In the sessions, worksheets are used to enable us as participants to recognize, own, and let go of limiting core beliefs. This emphasis is on learning to let go of our projections that constitute our self-made matrix. By learning to take responsibility for our thoughts and beliefs, we come into an awareness of our Being, and we are then able to walk in the matrix, knowing we are not of the matrix. To illustrate this, we were shown a clip from the movie, The Matrix, where Morpheus is taking Neo for a walk through the matrix, and all the time while walking through crowds, Morpheus, knowing he is in but not of the matrix, walks smoothly, his head half-turned to talk with Neo, gliding through, while Neo is constantly bumping into people, often distracted, particularly by an attractive woman walking by in a red dress.

The two men who presented during the weekend, Tony Senf and Christ Lauretig , were outstanding in articulating in straight-forward, clear language, often citing personal examples, the basic principles of A Course in Miracles, using parallel matrix metaphors that could easily sink into the ears of the person in the street. Their presentation was well-illustrated with a large number of salient clips from movies, slide presentations, worksheets, and all the time questions and comments were encouraged from the participants. Each participant was shepherded by a mentor each step of the way.

On Sunday morning, Rev. Tony delivered a powerful lesson entitled, "It's All a Dream," frequently quoting A Course in Miracles, demonstrating that the basic principles of the Out of the Matrix Program are soundly grounded in the Course.

Sunday afternoon during the conference, Chris, after making it crystal clear that our beliefs and thoughts are the foundation of our self-made matrix, these beliefs having been imprinted in us over the years by those conditioned by the matrix, said that he often had the thought that he should come in with a baseball bat, call us up one at a time, and hit us up aside the head; when we woke up, we would experience amnesia, and be open to experiencing our Being. We would forget our imprinting and conditioning, and no longer automatically construct the matrix.

For a moment this morning, I experienced complete amnesia, and thank God, I didn't need to be hit aside the head to experience it.

Amnesia is a powerful metaphor, demonstrating that forgetting what we wrought in the first place is liberating. Walking in the world, and recognizing that we are not of it because we realize that we constructed the nothingness of it is the true meaning of forgiveness, letting go of what never occurred, the dream, the matrix. And in this act of forgiveness, we rest in God.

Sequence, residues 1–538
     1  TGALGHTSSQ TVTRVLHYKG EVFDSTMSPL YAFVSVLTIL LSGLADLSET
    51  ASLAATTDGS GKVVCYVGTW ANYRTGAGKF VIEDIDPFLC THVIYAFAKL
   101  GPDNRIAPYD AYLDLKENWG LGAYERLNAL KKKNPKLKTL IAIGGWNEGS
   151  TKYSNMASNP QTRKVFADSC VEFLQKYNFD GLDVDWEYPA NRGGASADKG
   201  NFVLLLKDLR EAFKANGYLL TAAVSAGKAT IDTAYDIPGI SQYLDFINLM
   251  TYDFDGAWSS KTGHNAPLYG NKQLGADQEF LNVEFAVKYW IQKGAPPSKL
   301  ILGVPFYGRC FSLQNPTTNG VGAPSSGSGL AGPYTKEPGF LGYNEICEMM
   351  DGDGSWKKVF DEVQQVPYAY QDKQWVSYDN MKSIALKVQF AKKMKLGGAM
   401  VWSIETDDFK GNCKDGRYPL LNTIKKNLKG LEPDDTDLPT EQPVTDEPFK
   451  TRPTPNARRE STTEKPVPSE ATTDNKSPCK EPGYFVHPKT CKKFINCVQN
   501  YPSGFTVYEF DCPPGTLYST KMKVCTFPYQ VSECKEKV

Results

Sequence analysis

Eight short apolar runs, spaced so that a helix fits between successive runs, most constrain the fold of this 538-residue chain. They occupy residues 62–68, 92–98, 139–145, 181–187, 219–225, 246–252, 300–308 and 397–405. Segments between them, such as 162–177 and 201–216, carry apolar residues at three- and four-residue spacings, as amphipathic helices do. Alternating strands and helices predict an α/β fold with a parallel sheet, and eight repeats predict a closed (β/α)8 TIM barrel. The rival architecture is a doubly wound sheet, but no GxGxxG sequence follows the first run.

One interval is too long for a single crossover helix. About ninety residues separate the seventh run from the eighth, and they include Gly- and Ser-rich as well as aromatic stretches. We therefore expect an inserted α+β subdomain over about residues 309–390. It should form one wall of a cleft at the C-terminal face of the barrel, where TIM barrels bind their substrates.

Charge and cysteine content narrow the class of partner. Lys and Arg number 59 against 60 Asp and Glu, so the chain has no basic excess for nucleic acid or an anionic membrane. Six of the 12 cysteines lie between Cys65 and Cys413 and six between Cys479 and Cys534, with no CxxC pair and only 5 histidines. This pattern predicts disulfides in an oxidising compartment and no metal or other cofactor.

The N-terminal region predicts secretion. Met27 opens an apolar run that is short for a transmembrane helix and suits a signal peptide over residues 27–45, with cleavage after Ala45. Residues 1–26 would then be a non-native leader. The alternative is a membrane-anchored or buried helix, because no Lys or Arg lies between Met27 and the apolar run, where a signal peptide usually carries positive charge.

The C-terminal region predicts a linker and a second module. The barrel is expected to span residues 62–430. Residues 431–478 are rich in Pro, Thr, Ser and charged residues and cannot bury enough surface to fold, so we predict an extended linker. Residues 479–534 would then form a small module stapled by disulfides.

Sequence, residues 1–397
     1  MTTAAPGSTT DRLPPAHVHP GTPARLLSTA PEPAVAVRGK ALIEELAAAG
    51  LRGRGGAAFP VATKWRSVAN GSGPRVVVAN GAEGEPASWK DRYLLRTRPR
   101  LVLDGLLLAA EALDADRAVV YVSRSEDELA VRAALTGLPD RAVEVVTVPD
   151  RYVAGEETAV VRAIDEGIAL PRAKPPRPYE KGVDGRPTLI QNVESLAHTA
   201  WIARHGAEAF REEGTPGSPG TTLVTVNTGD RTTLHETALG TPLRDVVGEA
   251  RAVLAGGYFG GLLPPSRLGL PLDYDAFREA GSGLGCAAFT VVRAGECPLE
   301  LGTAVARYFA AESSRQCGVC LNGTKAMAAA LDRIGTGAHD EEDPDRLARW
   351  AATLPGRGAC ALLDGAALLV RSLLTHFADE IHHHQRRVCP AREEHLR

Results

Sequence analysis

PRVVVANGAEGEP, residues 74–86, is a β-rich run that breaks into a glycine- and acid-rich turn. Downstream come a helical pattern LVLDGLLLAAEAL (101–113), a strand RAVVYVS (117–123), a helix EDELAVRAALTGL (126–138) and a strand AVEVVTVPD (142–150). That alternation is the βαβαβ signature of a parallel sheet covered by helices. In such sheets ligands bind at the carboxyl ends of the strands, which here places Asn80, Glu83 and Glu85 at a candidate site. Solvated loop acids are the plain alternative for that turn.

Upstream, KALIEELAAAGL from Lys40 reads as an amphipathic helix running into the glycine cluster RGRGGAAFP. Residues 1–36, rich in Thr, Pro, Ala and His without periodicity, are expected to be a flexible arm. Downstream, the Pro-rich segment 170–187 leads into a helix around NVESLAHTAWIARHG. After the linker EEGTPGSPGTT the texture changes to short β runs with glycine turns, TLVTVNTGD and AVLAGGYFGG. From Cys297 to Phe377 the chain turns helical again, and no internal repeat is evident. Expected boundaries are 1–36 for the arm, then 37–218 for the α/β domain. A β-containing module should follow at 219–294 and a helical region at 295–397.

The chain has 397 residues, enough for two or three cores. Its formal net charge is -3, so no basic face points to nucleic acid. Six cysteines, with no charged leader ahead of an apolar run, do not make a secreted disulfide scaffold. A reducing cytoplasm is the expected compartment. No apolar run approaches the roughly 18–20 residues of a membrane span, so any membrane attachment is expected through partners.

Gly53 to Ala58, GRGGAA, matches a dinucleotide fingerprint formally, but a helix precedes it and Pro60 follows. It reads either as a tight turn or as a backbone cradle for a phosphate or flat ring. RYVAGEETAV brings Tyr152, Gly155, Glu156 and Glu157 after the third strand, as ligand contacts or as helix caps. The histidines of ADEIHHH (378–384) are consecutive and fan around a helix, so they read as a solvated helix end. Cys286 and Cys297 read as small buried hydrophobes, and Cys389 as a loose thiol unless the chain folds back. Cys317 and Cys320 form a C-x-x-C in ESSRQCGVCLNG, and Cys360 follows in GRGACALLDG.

This is the day of peace. You rest in God,
and while the world is torn by winds of hate

your rest remains completely undisturbed.
Yours is the rest of truth. Appearances
cannot intrude on you. You call to all
to join you in your rest, and they will hear
and come to you because you rest in God.
They will not hear another voice than yours
because you gave your voice to God, and now
you rest in Him and let Him speak through you.

And now, after the weekend, experiencing the peace of God while waking up the other morning, I am increasingly receptive to hear the Voice of the Holy Spirit, talking to me all through the day, and trusting, and the more I trust the more I am hearing the guidance.

For more information on the Out of the Matrix Program, please click here.

An Out of the Matrix Conference is scheduled to be held in the Wisconsin Dells, August 26-28, 2011.

For more information, please contact me:, 608 254-2320

For registration, please contact Cindy Stanley:, 330-284-1025

Payment plans are available through Cindy.

Wednesday, May 11, 2011

Breathing in the Breath of God: The Holy Spirit

I remember taking a class in graduate school that I found fascinating at the time, and I find myself today still drawing benefits from it, particularly as I read Jesus’ unworldly masterpiece, A Course in Miracles. The class was phonetics, a study of special speech sounds and their production.

I learned that each language operates from a set of phonemes, the smallest unit of sound. For example, in English, although the alphabet consists of only 26 letters, these letters represent 42 different sounds, or phonemes. For example, the letter /a/ is pronounced in two different ways, depending on the context. There's the /a/ in gap, and the /a/ in gape. This is one reason English is a difficult language to learn by a foreign speaker, same letters, different sounds.

One reason I am fascinated by phonetics is that it drives home the fact that words are air, i.e., each word is air passing from our lungs through our larynx and shaped by our tongue, lips, teeth, and cheeks. For example, the word “voice” consists of 4 phonemes, and each phoneme can be described. There is formal way to describe what happens in the mouth for each phoneme, and the following is a crude description.

/v/ vee